“Critique 2” or “What Doesn’t Kill Them Might Just Make Them Mad”

Remember that time when I was all, “I don’t like getting critiques, but I put up with them, because they can be really helpful”? Well, that goes for giving critiques, too.

I went through a brief period where I was giving out writing critiques willy-nilly, and boy, did it drain me. Much of that had to do with the horrendous lack of proper punctuation (which I’ll refrain from ranting about, here), but it wasn’t that alone. There’s probably a connection between this and my aversion to writing reviews; something about how my enjoyment of reading is diminished when I know I’ll have to put together feedback afterwards. But I do like to be helpful (it’s a problem), and so do sometimes find myself offering to read someone’s stuff and offer commentary. And goody, goody for the list-lovers in the house, ‘cause guess what? I’ve got tips!

1. Critic, Know Thy Limits. Do you actually have time to read through four half-done novels, three quick novellas, a kinda-long short story, a poem on a partridge in a pear tree, and jot down in-depth essays on all of the above before Friday? No? Then don’t tell the authors you will! No one likes an oath-breaker. Offer only what you’re prepared to deliver. Don’t be That Critic. (Thanks to this post  of The Undiscovered Author’s for putting the importance of this fresh in my head.)

2. Seek the Forest Despite the Trees. Hiding very well behind formatting ugly enough to shatter a mirror may lurk a story with a heart of gold. If you can find anything good at all about the plot, the characters, the dialogue, anything, be sure to mention it to the authors. Particularly if you’re having a hard time finding anything else that doesn’t kind of hurt your proofreader’s soul, you’ll want to have something to say that will help balance the negatives you couldn’t sleep at night without bringing to their attention.

3. If You Can’t Say Anything Nice, At Least Say It NiceLY. You know that “critique sandwich” people like to talk about? – a negative comment slapped between two slices of positives, lightly toasted, hold the mayo? There may be times when there’s no keeping that ratio up; there simply isn’t enough positive there! But that doesn’t mean you can’t be positive.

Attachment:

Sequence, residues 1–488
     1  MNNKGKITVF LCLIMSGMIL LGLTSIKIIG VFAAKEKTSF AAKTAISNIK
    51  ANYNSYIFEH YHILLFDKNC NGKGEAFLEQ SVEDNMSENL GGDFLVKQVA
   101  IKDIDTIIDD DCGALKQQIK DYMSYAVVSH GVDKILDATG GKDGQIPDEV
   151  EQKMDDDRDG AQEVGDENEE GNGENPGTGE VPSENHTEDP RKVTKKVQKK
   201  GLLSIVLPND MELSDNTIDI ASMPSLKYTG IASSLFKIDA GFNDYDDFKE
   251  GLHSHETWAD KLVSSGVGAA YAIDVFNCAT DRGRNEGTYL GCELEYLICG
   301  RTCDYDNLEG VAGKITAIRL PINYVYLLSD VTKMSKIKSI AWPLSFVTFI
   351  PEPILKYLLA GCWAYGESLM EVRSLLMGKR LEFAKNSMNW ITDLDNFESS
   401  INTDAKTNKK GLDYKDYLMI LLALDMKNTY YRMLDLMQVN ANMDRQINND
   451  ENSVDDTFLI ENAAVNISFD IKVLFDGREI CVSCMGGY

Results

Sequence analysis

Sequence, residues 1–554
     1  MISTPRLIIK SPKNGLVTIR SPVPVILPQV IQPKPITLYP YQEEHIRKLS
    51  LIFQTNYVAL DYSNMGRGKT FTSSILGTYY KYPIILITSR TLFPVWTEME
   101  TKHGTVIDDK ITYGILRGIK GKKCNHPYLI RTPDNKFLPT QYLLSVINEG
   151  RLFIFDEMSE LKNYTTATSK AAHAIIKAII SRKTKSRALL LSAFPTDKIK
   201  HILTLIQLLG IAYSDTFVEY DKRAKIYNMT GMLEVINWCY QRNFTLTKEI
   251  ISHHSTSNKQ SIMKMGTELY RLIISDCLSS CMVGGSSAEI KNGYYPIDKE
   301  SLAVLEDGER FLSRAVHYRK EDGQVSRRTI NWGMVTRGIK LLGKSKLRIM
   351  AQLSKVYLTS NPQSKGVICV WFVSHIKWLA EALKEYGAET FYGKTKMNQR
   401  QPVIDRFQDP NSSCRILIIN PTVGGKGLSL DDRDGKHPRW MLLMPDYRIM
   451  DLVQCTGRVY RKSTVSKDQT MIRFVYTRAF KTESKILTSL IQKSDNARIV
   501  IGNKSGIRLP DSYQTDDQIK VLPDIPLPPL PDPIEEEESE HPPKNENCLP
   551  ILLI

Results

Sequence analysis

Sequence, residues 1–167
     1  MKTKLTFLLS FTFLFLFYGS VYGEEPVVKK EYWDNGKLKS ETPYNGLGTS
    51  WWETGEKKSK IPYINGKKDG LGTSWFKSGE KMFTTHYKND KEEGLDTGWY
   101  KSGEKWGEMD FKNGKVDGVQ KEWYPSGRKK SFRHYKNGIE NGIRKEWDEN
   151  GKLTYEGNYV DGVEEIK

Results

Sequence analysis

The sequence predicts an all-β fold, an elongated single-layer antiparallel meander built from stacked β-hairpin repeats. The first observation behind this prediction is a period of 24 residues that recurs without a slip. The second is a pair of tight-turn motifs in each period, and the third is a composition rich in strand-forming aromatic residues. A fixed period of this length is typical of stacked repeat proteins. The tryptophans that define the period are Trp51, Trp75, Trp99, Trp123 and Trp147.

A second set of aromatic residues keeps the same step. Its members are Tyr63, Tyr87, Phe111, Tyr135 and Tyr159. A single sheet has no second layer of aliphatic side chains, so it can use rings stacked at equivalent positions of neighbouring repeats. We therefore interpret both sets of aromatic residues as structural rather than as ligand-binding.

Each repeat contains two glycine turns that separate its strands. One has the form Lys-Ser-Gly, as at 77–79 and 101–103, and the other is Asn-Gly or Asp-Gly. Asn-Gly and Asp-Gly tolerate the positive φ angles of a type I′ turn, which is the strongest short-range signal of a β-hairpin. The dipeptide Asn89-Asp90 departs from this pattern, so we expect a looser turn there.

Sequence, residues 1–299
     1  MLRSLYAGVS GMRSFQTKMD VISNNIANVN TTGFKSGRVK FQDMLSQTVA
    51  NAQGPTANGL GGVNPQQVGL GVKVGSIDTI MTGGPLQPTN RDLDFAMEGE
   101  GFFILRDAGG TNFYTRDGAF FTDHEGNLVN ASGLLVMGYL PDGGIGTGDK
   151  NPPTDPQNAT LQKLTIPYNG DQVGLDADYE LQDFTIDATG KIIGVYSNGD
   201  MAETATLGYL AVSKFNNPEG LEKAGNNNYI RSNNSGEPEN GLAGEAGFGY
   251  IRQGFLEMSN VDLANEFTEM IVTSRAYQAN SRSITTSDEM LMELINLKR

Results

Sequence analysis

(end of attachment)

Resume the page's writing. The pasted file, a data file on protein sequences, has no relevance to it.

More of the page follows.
Bad Response to Bad Writing: This is awful. I’m not buying the plot at all, the main character’s lame, and… look, bro, you know I love you, but you just cannot write. Please stop.

Less Demoralizing Response to Same Bad Writing: The number of plot twists left me confused; perhaps a little more foreshadowing/explanation in the earlier chapters would help, or you might try trimming off X altogether and focusing more on the main storyline. I also had a hard time connecting emotionally to Robert. Have you considered including a few scenes from his POV? Or maybe you could just get him talking more; I think the love triangle would be a lot more effective if we had a better understanding of his feelings for Jenny… etc., etc.

Difference obvious, right? Yes, the second method takes a lot more time and thought on your part (factor that in when considering Tip #1), but just look at how much more constructive it is! You’ve gone from kicking the writer between the legs and leaving him where he lies to offering him hope for a brighter tomorrow! Wouldn’t you rather be an encouragement? …Wouldn’t you at least rather not wound what you failed to kill and have it come back to bite you down the road? If your answer is “no”, then please, allow me to come up with a polite, positive argument for why you should probably not accept offers to critique people’s work.

Remember, hell hath no fury like an artist scorned.

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10 thoughts on ““Critique 2” or “What Doesn’t Kill Them Might Just Make Them Mad”

  1. In one of my craft books, it may have been Stephen King’s memoir, On Writing, the author suggested having beta readers and critters write in the margins C for Confusing and B for Boring.

    Honest to Blog, if I could get some people to read my work and just limit themselves to that feedback alone, I’d be every so bloody grateful. Other people always want to put their own stamp on my work. I hate that. I want them to just point to the boring or confusing parts and get off my butt. If they find the whole thing B, then write BBBBBBB throughout and stop reading. I only want editorial from an editor, not some fellow newbie who wants to lecture me about adverb use. I’ll make my own adverb decisions.